You may not know it, but November 8th is the International Day Of Radiology. On this day in 1895, German physicist Wilhelm Roentgen accidentally discovered x-rays. The British Library tells the story of the serendipitous revelation.

First-Ever Medical X-Ray

V0029523 X-ray of the bones of a hand with a ring on one finger Credit: Wellcome Library, London. Wellcome Images The bones of a hand with a ring on one finger, viewed through x-ray. Photoprint from radiograph by W.K. von R�ntgen, 1895. 1895 By: Wilhelm Konrad von R�ntgenPublished: – Copyrighted work available under Creative Commons by-nc 2.0 UK, see

At right, you can see the very first medical x-ray. It’s an image of Roentgen wife’s hand—including her massive wedding ring. The discovery earned Roentgen a Nobel Prize.

The International Day of Radiology was organized by a bunch of radiologists to raise awareness about how important radiology is. That may sound a bit self-aggrandizing, but medical imaging techniques really do save lives.

To celebrate this perhaps underappreciated holiday, General Electric scanned a bunch of random objects as part of their #SeeInsideIt campaign, and we are now sharing those images with you, because they’re pretty awesome.

Happy IDoR, everybody! Above is an MRI of a pineapple, and the photo gallery is below.

No, These Are Not Eyeballs

They’re eggs, and the black parts are air cells. (In case you’re curious, an air cell forms when an egg loses water and CO2 through its pores — it pulls in the surrounding air to replace the lost volume.) When radiologists take an x-ray, they fire the radiation at an object that’s either on top of or in front of an x-ray detector. If the rays don’t reach the detector — meaning they were absorbed by the densest parts of object, like the meaty section of an egg — that area shows up white on the resulting image. If the rays encounter no resistance, they hit the detector and show up completely black, like in the airy part of the eggs. If the rays hit soft tissues and get partially absorbed, it creates a gray color in the image.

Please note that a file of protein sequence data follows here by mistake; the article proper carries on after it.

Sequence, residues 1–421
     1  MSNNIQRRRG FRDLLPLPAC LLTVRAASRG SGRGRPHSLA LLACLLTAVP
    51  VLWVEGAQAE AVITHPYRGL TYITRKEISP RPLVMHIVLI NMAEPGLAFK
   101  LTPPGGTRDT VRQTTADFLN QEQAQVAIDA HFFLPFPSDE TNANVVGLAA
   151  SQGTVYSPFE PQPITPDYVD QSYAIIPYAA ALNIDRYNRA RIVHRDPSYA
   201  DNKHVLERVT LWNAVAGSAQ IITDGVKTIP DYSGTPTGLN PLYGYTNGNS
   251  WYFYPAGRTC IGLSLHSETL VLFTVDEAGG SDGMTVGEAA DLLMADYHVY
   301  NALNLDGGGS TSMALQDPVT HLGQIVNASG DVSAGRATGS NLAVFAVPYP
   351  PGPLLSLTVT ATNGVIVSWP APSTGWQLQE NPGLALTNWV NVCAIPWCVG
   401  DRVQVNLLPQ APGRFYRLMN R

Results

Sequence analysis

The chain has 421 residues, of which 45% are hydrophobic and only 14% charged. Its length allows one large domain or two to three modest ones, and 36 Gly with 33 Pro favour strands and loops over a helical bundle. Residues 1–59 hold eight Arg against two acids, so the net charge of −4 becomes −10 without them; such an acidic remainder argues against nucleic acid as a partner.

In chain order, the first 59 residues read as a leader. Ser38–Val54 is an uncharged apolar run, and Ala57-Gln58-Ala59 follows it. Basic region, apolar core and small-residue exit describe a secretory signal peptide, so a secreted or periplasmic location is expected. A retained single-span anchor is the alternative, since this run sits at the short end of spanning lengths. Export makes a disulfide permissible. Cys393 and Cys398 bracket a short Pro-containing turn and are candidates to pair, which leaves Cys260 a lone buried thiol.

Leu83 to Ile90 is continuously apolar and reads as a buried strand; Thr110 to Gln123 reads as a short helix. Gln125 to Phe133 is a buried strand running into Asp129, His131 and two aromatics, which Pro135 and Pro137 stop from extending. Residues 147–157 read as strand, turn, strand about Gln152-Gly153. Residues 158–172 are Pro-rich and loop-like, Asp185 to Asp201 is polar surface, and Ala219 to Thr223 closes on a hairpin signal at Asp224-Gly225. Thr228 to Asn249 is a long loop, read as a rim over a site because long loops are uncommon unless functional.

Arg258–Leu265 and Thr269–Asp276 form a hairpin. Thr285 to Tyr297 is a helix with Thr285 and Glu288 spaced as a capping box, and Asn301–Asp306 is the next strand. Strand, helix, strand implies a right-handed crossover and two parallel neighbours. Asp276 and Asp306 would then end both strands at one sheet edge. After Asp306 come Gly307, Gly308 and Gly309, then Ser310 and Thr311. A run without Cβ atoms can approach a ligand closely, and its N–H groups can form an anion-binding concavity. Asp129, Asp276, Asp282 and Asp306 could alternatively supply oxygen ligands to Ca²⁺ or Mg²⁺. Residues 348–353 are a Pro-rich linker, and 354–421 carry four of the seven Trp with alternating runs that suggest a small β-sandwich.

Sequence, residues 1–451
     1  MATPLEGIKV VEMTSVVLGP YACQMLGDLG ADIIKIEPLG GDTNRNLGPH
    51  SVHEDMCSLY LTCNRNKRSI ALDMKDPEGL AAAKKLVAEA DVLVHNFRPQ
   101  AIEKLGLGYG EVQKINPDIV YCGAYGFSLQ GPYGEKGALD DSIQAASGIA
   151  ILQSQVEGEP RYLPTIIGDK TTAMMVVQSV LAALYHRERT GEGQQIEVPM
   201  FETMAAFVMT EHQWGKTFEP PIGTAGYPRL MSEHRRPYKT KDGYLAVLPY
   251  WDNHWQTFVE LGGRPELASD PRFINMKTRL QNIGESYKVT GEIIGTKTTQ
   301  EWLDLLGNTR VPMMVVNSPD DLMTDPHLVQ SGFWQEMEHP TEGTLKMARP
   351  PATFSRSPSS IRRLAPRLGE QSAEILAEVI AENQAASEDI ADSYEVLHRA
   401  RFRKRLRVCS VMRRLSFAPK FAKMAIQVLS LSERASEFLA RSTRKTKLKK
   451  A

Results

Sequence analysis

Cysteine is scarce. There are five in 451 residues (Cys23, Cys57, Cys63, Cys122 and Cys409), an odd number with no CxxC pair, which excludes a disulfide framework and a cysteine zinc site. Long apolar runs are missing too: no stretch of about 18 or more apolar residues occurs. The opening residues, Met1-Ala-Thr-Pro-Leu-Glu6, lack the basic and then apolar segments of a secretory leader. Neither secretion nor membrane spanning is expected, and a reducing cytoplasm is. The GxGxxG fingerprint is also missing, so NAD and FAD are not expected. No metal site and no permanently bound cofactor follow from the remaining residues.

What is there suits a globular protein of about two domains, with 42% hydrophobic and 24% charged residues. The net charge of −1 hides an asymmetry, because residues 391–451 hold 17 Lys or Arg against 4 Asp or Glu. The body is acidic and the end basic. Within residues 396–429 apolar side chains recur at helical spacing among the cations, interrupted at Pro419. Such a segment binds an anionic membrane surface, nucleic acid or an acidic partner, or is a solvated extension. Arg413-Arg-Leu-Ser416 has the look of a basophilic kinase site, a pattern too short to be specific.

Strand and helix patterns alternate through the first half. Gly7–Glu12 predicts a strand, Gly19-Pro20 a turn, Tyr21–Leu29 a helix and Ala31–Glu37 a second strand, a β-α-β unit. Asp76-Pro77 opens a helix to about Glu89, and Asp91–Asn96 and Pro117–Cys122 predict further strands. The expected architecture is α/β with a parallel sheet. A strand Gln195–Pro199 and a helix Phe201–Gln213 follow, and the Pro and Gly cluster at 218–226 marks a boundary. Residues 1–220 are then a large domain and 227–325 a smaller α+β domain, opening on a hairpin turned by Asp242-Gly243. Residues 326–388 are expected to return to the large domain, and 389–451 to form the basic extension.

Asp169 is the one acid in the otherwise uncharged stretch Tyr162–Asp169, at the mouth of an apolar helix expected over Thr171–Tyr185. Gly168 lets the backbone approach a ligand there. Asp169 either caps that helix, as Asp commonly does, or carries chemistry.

Nintendo Controller

Computed tomography scans also use x-rays. But instead of being stationary, the CT machine moves all around the object of interest, firing a thin beam of x-rays and taking many ‘slices’ of the object. These scans help doctors put together a three-dimensional picture of an injury, a tumor, or in this case an N64 game controller.

Video Camera

This abstraction was taken using x-ray backscatter. Instead of catching the x-rays that travel through an object, backscattering takes a picture of the x-rays bouncing off of it. So in this image, the black parts are the denser and the white parts are softer.

Kitchen Mixer

In this backscatter x-ray, the darker parts reveal the dense metal and wire components of a hand mixer.

7-Watt Lightbulb

Imaging method: X-ray

Old-School Film Camera

Look who’s on camera now! Imaging method: CT scan


Is it just us, or does it look like this crab contains a Crab Nebula? Imaging method: X-ray


Imaging method: X-ray


If this purse were actually owned by a real woman, there would be a lot more stuff in it. Imaging method: Backscatter x-ray

CD Player

Imaging method: X-ray

RC Car

Imaging method: CT scan

Lock And Keys

Imaging method: CT scan

Creepy Monkey Doll

Imaging method: X-ray


Imaging type: Delicious. Er, x-ray.

Rubber Ducky

Imaging method: X-ray

Videogame Console

Though the console’s identity was not revealed, we’re pretty sure it’s an N64. Imaging method: CT scan

Tangerine, Peeled

Imaging method: X-ray

Walkie Talkie

Imaging method: CT scan


Imaging type: X-ray